Skeptophilia (skep-to-fil-i-a) (n.) - the love of logical thought, skepticism, and thinking critically. Being an exploration of the applications of skeptical thinking to the world at large, with periodic excursions into linguistics, music, politics, cryptozoology, and why people keep seeing the face of Jesus on grilled cheese sandwiches.

Sunday, November 13, 2011

Herman Cain and the voice of god

Why is politics the only field in which you can admit to hearing voices and people don't immediately assume you've lost your mind?

Thus far, we've had Rick Perry and Michele Bachmann who've told cheering crowds that god wanted them to pursue the presidency.  The latest presumptive Joan of Arc is Herman Cain, who told a meeting of Young Republicans in Atlanta yesterday that god had told him personally to run for president, and in fact had compared him to Moses.

"That's when I prayed and prayed and prayed," Cain told the assembled crowd.  "I'm a man of faith — I had to do a lot of praying for this one, more praying than I've ever done before in my life.  And when I finally realized that it was God saying that this is what I needed to do, I was like Moses.  'You've got the wrong man, Lord.  Are you sure?'"

And instead of backing away slowly, keeping their eyes on Cain the entire time, which is what I would have done, the Young Republicans ate it up.  Apparently the comment got a wild round of applause.

Myself, I think that whether or not you believe in god, you should always be suspicious of people who claim that god is speaking to them.  For one thing, I'm hard pressed to see how you'd figure out if it was really god, or if you were just having a psychotic break.  For another, don't you find it a little curious that god has given his personal stamp of approval to Perry, Bachmann, and Cain?  Is god having a hard time making up his mind?  Or does he just like tight races?

And, of course, you have the broader problem that the cheering Christians who are thrilled to find out that god is involved in the 2012 presidential election are the same ones who are shocked and horrified to hear that many Muslim terrorists do what they do because they claim that "Allah told them to."  Ridiculous, they say.  There is no Allah, you people are loons.  On the other hand, when Oral Roberts said in 1987 that god had told him that if he didn't raise eight million dollars in three months, god would "call him home," the money poured in.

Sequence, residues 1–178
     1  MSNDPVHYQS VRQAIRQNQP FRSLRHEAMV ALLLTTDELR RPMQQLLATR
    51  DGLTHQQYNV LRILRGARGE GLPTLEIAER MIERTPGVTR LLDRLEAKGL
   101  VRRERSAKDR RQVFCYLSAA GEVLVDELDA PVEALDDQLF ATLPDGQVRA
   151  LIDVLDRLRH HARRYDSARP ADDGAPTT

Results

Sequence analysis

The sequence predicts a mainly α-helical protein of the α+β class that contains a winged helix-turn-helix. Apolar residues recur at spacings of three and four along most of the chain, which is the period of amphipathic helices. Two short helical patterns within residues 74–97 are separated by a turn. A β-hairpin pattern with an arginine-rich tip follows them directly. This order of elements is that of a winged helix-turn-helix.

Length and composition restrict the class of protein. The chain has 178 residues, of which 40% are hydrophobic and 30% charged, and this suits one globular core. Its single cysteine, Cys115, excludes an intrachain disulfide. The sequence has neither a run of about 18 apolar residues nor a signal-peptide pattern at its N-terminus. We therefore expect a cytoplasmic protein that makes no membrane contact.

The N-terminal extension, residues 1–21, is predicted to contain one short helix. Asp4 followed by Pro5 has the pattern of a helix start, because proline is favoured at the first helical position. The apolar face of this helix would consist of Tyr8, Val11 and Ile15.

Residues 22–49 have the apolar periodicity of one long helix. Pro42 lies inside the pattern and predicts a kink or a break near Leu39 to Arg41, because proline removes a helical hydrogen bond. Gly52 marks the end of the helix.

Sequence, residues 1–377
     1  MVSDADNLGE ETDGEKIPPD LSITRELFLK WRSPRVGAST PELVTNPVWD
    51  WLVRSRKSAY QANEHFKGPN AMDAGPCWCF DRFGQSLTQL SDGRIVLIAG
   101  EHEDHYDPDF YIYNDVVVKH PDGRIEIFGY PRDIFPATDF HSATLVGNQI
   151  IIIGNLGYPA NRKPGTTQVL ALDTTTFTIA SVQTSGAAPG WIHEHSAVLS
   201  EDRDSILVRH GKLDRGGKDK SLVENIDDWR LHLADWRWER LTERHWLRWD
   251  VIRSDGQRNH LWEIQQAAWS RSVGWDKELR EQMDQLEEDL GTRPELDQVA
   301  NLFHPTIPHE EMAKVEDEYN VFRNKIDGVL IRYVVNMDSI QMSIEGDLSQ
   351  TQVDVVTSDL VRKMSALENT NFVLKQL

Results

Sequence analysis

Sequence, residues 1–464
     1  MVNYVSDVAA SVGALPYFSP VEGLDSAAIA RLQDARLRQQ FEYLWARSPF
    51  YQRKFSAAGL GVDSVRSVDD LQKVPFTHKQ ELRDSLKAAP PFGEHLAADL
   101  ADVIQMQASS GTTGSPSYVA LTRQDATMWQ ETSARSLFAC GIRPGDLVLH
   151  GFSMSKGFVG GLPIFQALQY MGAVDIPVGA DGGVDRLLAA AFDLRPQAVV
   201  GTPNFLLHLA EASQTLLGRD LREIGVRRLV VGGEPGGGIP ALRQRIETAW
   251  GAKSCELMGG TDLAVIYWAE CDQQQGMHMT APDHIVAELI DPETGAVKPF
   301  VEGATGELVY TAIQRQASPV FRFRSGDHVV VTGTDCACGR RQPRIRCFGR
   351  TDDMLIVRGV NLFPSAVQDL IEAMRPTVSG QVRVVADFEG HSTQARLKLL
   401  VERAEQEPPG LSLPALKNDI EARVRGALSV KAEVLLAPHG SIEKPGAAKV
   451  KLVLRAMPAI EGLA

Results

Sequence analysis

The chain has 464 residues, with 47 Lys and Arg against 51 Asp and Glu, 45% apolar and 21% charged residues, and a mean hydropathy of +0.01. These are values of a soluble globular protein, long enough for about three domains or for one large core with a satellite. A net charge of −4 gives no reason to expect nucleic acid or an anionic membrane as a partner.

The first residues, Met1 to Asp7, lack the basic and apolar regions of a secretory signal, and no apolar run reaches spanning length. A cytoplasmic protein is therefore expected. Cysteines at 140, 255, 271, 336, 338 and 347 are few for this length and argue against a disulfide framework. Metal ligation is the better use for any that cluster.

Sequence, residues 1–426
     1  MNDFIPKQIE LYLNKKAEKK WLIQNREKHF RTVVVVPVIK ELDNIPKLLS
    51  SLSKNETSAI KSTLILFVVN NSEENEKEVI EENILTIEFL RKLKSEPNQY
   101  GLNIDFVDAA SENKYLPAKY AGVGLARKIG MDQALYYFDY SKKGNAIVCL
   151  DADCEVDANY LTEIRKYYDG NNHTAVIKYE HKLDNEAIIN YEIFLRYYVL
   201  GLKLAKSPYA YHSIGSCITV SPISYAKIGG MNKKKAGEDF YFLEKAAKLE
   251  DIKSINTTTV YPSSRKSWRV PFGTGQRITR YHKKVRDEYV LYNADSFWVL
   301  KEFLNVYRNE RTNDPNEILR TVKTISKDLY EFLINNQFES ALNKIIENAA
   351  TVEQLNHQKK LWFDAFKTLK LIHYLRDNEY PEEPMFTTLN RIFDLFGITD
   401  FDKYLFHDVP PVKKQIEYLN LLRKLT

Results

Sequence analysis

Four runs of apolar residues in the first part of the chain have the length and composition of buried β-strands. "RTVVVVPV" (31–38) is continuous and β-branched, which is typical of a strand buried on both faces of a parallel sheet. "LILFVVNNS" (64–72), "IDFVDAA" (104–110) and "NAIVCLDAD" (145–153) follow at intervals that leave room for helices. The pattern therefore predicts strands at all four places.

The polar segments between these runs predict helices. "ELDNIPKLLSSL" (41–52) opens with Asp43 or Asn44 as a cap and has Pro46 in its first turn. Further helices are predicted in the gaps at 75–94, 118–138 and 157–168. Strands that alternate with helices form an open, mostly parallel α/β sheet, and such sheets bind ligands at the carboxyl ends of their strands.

He raised nine million dollars in three months.  And didn't die.  Hallelujah!

I find the whole thing baffling and not a little troubling.  Being an atheist, I would, of course.  But even if you're religious, isn't it a little worrisome?  I would think that the long, nasty history of people doing horrible things while claiming that god had directed their actions would scare even the most devout.  Then, how do you know which, if any, of the three current candidates are telling the truth, so you know which one god wants you to vote for?  In the end, most people probably will do their own version of asking what god wants them to do, and cast their votes for the one whose politics most closely align with their own -- resulting in the rather amusing conjecture that god has an opinion on whether we should dismantle the Department of Education, Department of Commerce, and one other department that will come to me in a minute.

So, anyway, that's the news from the American political scene, which once again is providing ample fodder for eye-rolling.  But I think I'll wrap this up, because I think god is telling me that the coffee is ready.


  1. "They won't catch us; we're on a mission from God." ~ Elwood Blues

  2. I can't read Mr. Herman's name without thinking of the real Herman Kahn, worked for RAND, wrote the spell-binding 'Thinking the Unthinkable', etc.
    And although it pales by contrast to Kahn's nuclear 'exchanges', the nightmare of US elections with some many modestly-endowed intellectual featherweights, each of whom, like Churchill said, "have a great deal to be modest about", makes me sick unto despair even to read about third-hand.
    More to the point, I'd be sadly wrong to claim that Jews never announce G-d's personal stamp on their actions; they do, and most often the actions so blessed are ones better left undone.

    What was that black&white TV show where three men claimed, each week, to be Mr {Name here}? Truth or Consequences?